A look at the shareholders of NICE Ltd. (TLV: NICE) can tell us which group is more powerful. And the group that holds the biggest slice of the pie is made up of 82%-owned institutions. In other words, the group is likely to gain the most (or lose the most) from its investment in the business.
And institutional investors suffered the highest losses after the company’s share price fell 12% last week. This set of investors may be particularly concerned about the current loss, which comes on top of a 9.3% year-on-year loss for shareholders. Often referred to as “market makers,” institutions wield significant power in influencing the price dynamics of any stock. As a result, if the decline continues, institutional investors may be forced to sell NICE, which could hurt individual investors.
Let’s take a closer look at what different types of shareholders can tell us about NICE.
Check out our latest analysis for NICE
What does institutional ownership tell us about NICE?
Institutional investors typically compare their own returns to the returns of a commonly tracked index. They therefore generally consider buying larger companies that are included in the relevant benchmark.
NICE already has establishments on the share register. Indeed, they hold a respectable stake in the company. This may indicate that the company has some degree of credibility in the investment community. However, it is best to be wary of relying on the so-called validation that accompanies institutional investors. They are also sometimes wrong. When multiple institutions hold a stock, there is always a risk that they are in a “crowded trade”. When such a transaction goes wrong, multiple parties may compete to quickly sell shares. This risk is higher in a company with no history of growth. You can see NICE’s revenue and historical earnings below, but keep in mind there’s always more to tell.
Institutional investors own more than 50% of the company, so together they can probably heavily influence board decisions. NICE does not belong to hedge funds. Looking at our data, we can see that the largest shareholder is Capital Research and Management Company with 15% of the shares outstanding. With 8.8% and 5.8% of the shares outstanding, respectively, Artisan Partners Limited Partnership and BlackRock, Inc. are the second and third largest shareholders.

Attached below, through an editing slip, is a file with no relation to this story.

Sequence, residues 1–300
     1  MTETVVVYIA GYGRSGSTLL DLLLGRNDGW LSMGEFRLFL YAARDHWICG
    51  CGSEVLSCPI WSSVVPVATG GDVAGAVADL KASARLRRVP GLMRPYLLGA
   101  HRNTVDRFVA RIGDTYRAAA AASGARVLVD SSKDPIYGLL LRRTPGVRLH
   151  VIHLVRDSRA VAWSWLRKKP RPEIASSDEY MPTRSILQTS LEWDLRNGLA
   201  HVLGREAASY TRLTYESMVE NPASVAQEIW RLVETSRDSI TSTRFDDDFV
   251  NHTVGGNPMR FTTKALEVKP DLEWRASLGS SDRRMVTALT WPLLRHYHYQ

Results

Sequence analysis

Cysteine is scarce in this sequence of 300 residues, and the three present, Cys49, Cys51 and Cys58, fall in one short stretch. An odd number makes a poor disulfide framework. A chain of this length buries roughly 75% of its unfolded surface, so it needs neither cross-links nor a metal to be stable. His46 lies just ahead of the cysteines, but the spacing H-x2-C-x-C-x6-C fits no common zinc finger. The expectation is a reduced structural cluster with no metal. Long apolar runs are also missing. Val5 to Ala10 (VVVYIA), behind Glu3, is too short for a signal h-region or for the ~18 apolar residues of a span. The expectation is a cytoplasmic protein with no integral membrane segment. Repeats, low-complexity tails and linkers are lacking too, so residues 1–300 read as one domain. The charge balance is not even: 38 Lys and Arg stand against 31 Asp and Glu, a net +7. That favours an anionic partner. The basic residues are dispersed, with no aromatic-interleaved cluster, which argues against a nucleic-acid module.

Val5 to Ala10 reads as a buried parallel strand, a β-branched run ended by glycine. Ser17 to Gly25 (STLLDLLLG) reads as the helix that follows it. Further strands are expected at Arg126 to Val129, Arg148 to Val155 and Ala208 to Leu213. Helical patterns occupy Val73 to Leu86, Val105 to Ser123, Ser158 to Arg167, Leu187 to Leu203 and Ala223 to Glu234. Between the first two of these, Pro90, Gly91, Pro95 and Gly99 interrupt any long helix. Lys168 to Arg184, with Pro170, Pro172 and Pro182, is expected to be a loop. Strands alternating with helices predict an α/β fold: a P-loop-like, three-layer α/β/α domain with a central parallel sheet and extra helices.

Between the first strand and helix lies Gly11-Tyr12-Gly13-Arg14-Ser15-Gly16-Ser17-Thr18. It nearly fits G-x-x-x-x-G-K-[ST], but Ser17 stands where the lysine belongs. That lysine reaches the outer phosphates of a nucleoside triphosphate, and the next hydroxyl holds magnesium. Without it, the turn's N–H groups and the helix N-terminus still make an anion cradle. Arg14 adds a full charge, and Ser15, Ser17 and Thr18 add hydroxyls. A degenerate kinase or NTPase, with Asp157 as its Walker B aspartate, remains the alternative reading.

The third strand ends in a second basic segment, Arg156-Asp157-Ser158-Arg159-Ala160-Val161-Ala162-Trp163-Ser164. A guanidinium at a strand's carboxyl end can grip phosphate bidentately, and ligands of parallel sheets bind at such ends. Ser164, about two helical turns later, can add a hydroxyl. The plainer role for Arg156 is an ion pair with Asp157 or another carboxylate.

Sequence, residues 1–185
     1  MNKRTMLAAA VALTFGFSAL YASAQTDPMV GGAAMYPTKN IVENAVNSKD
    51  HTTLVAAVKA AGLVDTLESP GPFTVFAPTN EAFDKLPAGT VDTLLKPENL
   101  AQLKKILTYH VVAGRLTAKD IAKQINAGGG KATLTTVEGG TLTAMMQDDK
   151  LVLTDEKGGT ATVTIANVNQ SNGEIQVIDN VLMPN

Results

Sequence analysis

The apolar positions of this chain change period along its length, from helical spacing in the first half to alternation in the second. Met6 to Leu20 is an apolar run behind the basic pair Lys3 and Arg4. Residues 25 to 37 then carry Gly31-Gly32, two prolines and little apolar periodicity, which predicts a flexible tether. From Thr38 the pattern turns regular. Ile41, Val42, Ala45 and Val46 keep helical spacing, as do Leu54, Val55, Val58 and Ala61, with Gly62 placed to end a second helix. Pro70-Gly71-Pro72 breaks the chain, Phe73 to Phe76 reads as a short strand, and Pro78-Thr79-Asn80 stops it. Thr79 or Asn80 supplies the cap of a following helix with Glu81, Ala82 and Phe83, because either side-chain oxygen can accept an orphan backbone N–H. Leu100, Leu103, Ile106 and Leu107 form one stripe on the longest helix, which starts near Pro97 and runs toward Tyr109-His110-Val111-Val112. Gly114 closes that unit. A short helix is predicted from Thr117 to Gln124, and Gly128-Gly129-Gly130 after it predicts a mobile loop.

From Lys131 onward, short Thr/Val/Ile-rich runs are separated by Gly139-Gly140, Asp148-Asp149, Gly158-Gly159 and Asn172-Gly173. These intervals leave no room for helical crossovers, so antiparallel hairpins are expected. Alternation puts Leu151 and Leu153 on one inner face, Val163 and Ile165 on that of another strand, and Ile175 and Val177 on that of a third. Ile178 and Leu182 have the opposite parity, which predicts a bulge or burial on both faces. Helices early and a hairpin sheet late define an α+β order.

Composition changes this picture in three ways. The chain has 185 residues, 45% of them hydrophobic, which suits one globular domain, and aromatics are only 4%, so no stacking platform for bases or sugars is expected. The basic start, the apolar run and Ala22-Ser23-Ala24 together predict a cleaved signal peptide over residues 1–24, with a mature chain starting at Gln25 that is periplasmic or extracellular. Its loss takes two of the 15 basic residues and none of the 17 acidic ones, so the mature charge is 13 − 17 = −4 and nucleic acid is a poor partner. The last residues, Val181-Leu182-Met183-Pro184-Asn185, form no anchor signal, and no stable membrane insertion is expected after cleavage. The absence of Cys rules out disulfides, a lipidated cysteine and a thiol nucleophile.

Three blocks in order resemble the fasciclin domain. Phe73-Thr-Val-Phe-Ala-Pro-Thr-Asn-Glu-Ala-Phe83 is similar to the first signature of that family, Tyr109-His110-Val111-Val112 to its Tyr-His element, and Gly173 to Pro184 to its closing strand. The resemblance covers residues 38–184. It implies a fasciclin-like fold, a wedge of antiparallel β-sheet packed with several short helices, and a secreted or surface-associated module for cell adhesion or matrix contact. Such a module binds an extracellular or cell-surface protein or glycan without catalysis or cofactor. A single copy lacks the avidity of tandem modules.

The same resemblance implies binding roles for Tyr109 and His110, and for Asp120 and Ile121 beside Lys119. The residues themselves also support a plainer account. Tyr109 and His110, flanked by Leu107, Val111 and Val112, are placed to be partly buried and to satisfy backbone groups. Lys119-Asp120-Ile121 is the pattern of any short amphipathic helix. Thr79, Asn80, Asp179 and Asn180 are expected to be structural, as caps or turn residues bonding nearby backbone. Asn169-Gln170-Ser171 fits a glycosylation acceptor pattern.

We also observed that the top 10 shareholders represent more than half of the share register, with some small shareholders to balance the interests of the larger ones to some extent.
Institutional ownership research is a good way to assess and filter the expected performance of a stock. The same can be obtained by studying the feelings of the analyst. There are a reasonable number of analysts covering the stock, so it might be useful to know their overall view on the future.
NICE Insider Property
While the precise definition of an insider can be subjective, almost everyone considers board members to be insiders. The management of the company answers to the board of directors and the latter must represent the interests of the shareholders. In particular, sometimes the senior executives themselves sit on the board of directors.
I generally consider insider ownership to be a good thing. However, there are times when it is more difficult for other shareholders to hold the board accountable for decisions.
We note that our data does not show any board members personally owning shares. Since we do not track insider ownership, we may have missing data. It would therefore be interesting to evaluate CEO compensation and tenure here.
General public property
The general public, including retail investors, owns 18% of the company’s capital and therefore cannot be easily ignored. This size of ownership, although considerable, may not be sufficient to change company policy if the decision is not in line with other large shareholders.
It is always useful to think about the different groups that own shares in a company. But to better understand NICE, we need to consider many other factors. For example, we found 1 warning sign for NICE which you should be aware of before investing here.
But finally it’s the future, not the past, which will determine the performance of the owners of this company. Therefore, we think it’s advisable to take a look at this free report showing whether analysts are predicting a brighter future.
NB: The figures in this article are calculated using trailing twelve month data, which refers to the 12 month period ending on the last day of the month in which the financial statements are dated. This may not be consistent with the annual report figures for the full year.
Feedback on this article? Concerned about content? Get in touch with us directly. You can also email the editorial team (at) Simplywallst.com.
This Simply Wall St article is general in nature. We provide commentary based on historical data and analyst forecasts only using unbiased methodology and our articles are not intended to be financial advice. It is not a recommendation to buy or sell stocks and does not take into account your objectives or financial situation. Our goal is to bring you targeted long-term analysis based on fundamental data. Note that our analysis may not take into account the latest announcements from price-sensitive companies or qualitative materials. Simply Wall St has no position in the stocks mentioned.